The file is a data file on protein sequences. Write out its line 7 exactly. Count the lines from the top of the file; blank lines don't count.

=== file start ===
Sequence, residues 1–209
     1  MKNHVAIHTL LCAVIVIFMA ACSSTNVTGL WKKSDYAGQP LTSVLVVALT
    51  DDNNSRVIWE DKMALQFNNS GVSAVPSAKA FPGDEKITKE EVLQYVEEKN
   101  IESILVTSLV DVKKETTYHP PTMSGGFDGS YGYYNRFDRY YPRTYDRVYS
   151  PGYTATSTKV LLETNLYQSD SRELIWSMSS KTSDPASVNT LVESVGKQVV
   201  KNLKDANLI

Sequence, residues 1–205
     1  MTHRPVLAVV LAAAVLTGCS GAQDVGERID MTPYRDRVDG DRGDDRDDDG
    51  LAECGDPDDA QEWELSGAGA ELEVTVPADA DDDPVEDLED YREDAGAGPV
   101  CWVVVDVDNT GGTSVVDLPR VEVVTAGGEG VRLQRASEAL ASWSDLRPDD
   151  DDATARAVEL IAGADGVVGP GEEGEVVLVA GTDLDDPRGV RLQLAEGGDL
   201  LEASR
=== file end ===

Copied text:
Sequence, residues 1–205